I research ancient agriculture, plant use and human environmental impact in Turkey, Italy (Pompeii) and Australasia via the analysis of archaeological plant remains (seeds, fruits leaves etc)
I started my archaeological career in 1988, working on the excavation of Blawearie Cairn in my native Northumberland (UK). I studies at the Institute of Archaeology, UCL (London) gaining BSc Archaeology (1991), MSc Bio and Geoarchaeology (1992) and PhD (2001), specialising in the study of plant macrofossil remains, such as seeds, fruits, leaves and wood, from archaeological sites to reconstruct past environments and economic practices. I also developed a large consulting portfolio, working as an environmental archaeologist for the Museum of London Archaeology Service (1993-1994) and UCL Geoarchaeology Unit (1992-1993) and as an independent contractor (1994-2001). From 1999-2001 I worked as a research assistant for the Catalhoyuk Research Project, based at Cambridge University and during that time moved to Australia. From 2001 - 2004 I worked at The Australian National University in Canberra as a research assistant to the Engendering Roman Spaces Project and then received a research fellowship at the Research School of Pacific and Asian Studies. I moved to UQ in January 2006. My research interests are currently focused on the origins of agriculture in Central Anatolia (Turkey) and the later development of the region's state economies. I also work in Australasia where I have been developing plant macrofossil techniques to disentangle ancient tree-fruit use and the development of food production in Papua New Guinea. My wife and I have two children and live in Witta in the Sunshine Coast hinterland.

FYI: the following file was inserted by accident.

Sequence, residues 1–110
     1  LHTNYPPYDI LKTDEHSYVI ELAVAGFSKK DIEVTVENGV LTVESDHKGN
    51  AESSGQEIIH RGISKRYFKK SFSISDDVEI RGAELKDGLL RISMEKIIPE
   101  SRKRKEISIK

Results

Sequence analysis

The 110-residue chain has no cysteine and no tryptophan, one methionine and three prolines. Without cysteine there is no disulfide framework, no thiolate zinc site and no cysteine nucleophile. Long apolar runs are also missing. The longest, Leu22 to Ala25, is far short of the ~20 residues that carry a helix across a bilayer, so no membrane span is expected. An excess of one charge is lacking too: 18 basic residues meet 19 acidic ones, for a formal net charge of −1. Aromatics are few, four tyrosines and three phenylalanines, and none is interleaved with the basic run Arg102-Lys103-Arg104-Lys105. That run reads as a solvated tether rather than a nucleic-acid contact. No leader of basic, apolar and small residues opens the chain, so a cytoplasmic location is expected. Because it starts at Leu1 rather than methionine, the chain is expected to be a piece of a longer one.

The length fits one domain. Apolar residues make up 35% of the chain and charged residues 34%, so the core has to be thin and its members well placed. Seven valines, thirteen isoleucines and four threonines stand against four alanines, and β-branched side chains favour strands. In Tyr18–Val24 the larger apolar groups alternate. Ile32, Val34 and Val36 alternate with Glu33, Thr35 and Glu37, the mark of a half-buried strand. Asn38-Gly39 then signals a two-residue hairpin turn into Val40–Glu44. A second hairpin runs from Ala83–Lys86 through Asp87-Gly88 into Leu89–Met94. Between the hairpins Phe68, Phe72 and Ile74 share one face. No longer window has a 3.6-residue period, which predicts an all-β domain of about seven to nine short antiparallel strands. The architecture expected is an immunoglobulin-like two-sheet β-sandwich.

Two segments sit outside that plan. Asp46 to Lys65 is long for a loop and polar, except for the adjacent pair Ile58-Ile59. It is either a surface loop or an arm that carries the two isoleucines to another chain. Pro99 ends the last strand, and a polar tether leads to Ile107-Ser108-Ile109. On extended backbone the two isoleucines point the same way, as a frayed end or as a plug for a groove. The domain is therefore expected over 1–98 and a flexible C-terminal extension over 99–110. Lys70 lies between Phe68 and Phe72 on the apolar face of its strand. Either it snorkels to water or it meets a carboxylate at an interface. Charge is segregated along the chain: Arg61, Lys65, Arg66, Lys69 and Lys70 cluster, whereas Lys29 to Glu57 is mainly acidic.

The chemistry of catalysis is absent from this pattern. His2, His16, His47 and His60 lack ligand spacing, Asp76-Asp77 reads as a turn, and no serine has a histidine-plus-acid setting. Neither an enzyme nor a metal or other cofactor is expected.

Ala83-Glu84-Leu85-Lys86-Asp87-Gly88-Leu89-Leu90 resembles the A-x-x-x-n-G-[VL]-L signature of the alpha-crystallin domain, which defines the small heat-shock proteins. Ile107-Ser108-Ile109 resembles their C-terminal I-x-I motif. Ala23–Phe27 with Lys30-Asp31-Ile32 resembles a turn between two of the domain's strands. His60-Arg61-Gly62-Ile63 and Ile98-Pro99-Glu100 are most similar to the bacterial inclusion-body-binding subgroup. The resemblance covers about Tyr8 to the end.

Fairbairn, A. S. (2006). Seasonality. In Ian Hodder (Ed.), Çatalhöyük perspectives : reports from the 1995-99 seasons1 ed. (pp. 93-108) London/ Cambridge, UK: McDonald Institute for Archaeological Research, British Institute at Ankara.